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About MikeC

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    The answer is 42
  • Birthday 08/23/1961

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    Violins, Varnish, forex trading & many other things.

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  1. MikeC

    William Fry Internal Scraping Method

    And the audience was too polite to not go along for the ride. This is the epitome of the homeopathic theory of violin adjustment.
  2. MikeC

    rosin crust

    why, because I like the way it looks. So sprinkle on some rosin dust and then mist it with ethanol. but how would you get that nice dark color that looks like it's been there forever.
  3. MikeC

    rosin crust

    It looks awesome, how could you get that crust on purpose on a new violin?
  4. MikeC

    Vernice bianca vs plaster ground

    Apply an uncolored varnish first.
  5. MikeC

    Vernice bianca vs plaster ground

    This is just my opinion of course and everyone has one of those. I would not use it because I see no need to fill pores with a mineral like substance for the purpose of preventing other substances from getting into them, actually I kind of like the idea of certain substances getting into the pores at least a little bit. What I will use is something to color the wood and a nearly uncolored clear coat to seal it, then colored varnish on top of that. Why? because I think it will look good and will generally not do any harm. so there are lots of things that have been used, rosins dissolved in turp, linseed oil, amber shellac (nice yellow color), casein, sugar, VB, POP, dilute hide glue, water glass is that potassium or sodium silicate? I forget but anyway, lots of different things, and that's just to seal the wood. To color the wood there are lots more things. horse dung, rabbit urine (ammonia), tea, coffee, nitrates, nitrites, chromium compounds, acids, alkalis (which generally turn wood an ugly green, baked, half baked etc. the list goes on and on. One thing I saw recently and thought it looked horrid, on a gun building forum, asphalt dissolved and linseed oil, the curly maple looked like zebra stripes so don't do that. The best advice is gather some of everything and try it all on scraps and find out what you like the best.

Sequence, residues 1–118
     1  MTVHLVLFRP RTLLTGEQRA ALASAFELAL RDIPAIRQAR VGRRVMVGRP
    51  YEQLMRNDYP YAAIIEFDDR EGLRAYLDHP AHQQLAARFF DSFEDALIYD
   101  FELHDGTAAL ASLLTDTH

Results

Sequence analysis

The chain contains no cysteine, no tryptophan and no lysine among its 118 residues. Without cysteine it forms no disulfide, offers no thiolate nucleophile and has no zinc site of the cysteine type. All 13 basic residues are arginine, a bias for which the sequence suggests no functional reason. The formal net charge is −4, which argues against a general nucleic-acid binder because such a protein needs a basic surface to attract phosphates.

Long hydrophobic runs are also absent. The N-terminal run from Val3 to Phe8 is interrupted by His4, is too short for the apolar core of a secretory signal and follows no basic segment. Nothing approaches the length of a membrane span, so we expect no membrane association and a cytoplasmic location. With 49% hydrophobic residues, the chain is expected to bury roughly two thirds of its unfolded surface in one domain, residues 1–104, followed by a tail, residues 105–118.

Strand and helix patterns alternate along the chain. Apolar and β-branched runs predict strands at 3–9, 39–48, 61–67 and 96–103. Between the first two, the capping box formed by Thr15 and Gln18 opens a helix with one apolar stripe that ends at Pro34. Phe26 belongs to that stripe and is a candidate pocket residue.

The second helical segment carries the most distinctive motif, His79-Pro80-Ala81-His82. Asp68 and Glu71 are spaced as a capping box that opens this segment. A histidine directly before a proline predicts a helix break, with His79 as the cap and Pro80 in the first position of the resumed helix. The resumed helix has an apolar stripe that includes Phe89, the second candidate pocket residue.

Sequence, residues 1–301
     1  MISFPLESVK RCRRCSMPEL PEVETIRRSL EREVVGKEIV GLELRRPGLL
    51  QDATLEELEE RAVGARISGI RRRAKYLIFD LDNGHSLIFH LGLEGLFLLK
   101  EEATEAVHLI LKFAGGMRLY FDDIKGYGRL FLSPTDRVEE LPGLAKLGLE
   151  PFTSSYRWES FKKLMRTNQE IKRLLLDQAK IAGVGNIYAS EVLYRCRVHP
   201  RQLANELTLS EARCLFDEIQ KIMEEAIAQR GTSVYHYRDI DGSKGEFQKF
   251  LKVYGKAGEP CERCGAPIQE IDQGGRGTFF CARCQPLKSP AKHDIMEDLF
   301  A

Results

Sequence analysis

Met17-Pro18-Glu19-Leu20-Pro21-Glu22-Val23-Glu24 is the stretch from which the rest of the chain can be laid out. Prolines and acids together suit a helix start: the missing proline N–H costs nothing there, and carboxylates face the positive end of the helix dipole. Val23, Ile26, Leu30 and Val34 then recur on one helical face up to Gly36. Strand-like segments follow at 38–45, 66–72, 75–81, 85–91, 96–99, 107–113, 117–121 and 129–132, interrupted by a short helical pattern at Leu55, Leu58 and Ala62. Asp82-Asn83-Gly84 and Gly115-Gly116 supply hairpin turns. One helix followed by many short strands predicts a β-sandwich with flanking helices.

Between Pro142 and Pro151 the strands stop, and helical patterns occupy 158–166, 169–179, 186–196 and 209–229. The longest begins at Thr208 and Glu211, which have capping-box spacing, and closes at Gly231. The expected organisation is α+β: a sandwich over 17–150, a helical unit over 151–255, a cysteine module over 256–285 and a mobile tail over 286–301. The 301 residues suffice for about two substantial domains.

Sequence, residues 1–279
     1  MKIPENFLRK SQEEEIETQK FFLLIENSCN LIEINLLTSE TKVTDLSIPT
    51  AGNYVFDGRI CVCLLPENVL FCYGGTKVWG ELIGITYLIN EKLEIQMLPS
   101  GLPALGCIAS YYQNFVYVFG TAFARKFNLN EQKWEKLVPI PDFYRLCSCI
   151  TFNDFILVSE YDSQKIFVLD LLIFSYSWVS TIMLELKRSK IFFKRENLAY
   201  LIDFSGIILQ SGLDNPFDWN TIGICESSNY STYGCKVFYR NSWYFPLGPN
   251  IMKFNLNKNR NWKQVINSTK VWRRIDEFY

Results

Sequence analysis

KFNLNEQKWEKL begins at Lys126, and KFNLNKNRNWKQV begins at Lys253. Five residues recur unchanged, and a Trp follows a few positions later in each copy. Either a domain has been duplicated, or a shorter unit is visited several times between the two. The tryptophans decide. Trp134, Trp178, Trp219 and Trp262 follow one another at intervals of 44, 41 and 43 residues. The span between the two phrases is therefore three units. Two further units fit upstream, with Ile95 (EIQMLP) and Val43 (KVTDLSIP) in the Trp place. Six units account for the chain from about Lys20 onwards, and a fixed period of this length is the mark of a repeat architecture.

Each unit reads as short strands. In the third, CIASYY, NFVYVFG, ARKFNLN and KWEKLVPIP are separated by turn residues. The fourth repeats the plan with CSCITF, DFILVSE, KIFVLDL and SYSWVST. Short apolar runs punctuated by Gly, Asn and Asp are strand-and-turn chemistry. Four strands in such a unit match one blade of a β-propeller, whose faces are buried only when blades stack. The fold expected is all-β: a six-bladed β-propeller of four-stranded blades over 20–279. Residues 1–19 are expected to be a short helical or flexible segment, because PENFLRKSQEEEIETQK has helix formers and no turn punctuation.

6. MikeC

    Vernice bianca vs plaster ground

    Two main? I'm sure there are lots of others in use besides those two. Personally I wouldn't use either one of those. Sacconi also though that water glass was the historical ground but that's not it.
  7. MikeC

    Stradivari's secret was a concept?

    Was Rube Goldberg the next door neighbor to Stradivari?
  8. MikeC

    Ground experiment test strips

    I like that particular sample, it has a hint of yellow but not too over the top.
  9. MikeC

    Opinions on this label

    There appears to be varnish under the fingerboard.....
  10. MikeC

    Ground experiment test strips

    which one is this? (arrow). It's hard to tell from your descriptions which is which.
  11. So the original ground is alcohol soluble.
  12. I agree with this, Also linseed oil does become alcohol soluble which rules it out as the ground, unless the ground isn't really what you think it is.
  13. maybe not needed but I use them. I think by using quotes it searches for that exact combination of words. Without quotes it an either/or search. I could be wrong though. Google it for an answer.
  14. "search term" site:maestronet.com Note there is a colon after the word site. it's small and hard to see. I don't remember off hand if you need single quote or double quote around the thing you are searching for. You don't need quotes if it is a single word with no spaces in it
  15. I would disagree with that. Alcohol has a long history of distillation.